Preparing for travel plans requires organizing skills on what to bring, where to go and how much money is needed in order to enjoy your stay to a certain place.

On the other hand, some travelers may have forgotten to know the nitty gritty on how to get there. This is another dilemma a traveler needs to get the hang of -- travel flight arrangements.

Ideally, it would be a big ease of travel if all flights would be non-stop. However, if you live in Australia, London and other countries with significantly huge airports, that is barely pragmatic.

If a connecting flight is the only option, or the only reasonably priced option, how do you make it as smooth-flowing as possible? How do you make sure you don't miss that connection?

It sounds like a simple enough process but we are sure we aren't the only ones who have found themselves sprinting through an airport to check in their luggage and the like.

Here are some of the things you may need to consider and be aware of to get rid of the connecting flight struggles:

Check airport's minimum connection times online.

Each airport has its own minimum connection times. If you book connecting flights on the same airline, the reservation system is supposed to use this minimum connection time information to determine how much time you will have to change planes.

Airlines are supposed to allow a specific amount of time between connecting flights.

The minimum connection time varies by airport and type of connection (domestic to domestic, or domestic to international, for example).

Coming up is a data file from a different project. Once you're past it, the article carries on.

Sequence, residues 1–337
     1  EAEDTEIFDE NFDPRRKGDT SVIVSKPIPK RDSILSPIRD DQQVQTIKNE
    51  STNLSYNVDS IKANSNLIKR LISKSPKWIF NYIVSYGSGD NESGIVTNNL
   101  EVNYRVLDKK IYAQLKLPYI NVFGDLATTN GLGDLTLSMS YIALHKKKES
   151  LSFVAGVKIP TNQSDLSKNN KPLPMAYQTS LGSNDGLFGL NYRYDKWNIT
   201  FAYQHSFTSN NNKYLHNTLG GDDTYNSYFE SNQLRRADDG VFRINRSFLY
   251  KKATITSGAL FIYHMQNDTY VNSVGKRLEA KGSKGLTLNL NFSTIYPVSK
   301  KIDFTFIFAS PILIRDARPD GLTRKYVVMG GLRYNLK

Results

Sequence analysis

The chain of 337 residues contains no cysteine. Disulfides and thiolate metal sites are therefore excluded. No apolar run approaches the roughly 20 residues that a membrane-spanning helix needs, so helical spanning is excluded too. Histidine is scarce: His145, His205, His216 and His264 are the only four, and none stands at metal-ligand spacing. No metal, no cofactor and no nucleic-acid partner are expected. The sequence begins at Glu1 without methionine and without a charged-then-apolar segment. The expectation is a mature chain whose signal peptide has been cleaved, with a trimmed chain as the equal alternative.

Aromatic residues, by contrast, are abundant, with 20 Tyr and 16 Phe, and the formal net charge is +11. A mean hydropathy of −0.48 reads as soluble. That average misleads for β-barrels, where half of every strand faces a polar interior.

To determine how much time you'll need to change planes in a particular airport, first look up minimum connection times online.

Consider the factors that can affect connect times before booking:

The general average connect times for domestic flight connections is 30 minutes (possibly too tight) to two hours. However, for international flights, it's one to three hours.

However, we need to be fully aware of the factors that can affect these connect times so that we can consider the same prior booking flights:

- Distance between gates

- Flight delays

- Transfers between different airlines (this means collecting your checked luggage!)

- Travel with babies or toddlers

- Need for a wheelchair or a cart

- Passing through TSA and/or Customs

As much as possible, book travel with the same airlines

If you have booked travel on two different airlines, you will be responsible for deciding how much time to allow between flights.

The airlines don't have to help you resolve flight connection problems if you have not allowed the minimum connection time for your flights and airport.

Do some research about the airport and its terminals

Another factor in determining your ideal layover time involves doing some research into the airports.

Many big cities and hubs have multiple terminals and even airports that require some travel between them. Don't assume that you just have to change gates.

Sometimes there are airport shuttles for cases like this, but often you will need to rely on a taxi or public transportation.

Avoid U.S. hub airports with separate terminals that lack inside-security or "airside" people movers. According to USA Today, the worst airports for this are Boston, Chicago O'Hare, Los Angeles and New York JFK.

Give yourself a buffer above what your research tells you. Take into account the time of day you will be switching since rush hour will most likely add to your time.

Avoid the last connection

Avoid booking the last flight of the day out of your connecting airport. The reason is obvious.

Book a connection as early in the day as practical. Clearly, the more "next available" flights, the better your chance of arriving on the day you planned.

Others suggest considering where you sit on the plane matters when you have a tight connection.

Some are suggesting coming up with a baggage plan or even suggesting that direct flights are still the best option.

There are lots of simple, yet sensible, ways of getting a hassle-free connecting flights; what is important is travelers maintain proper planning and organizing of schedules.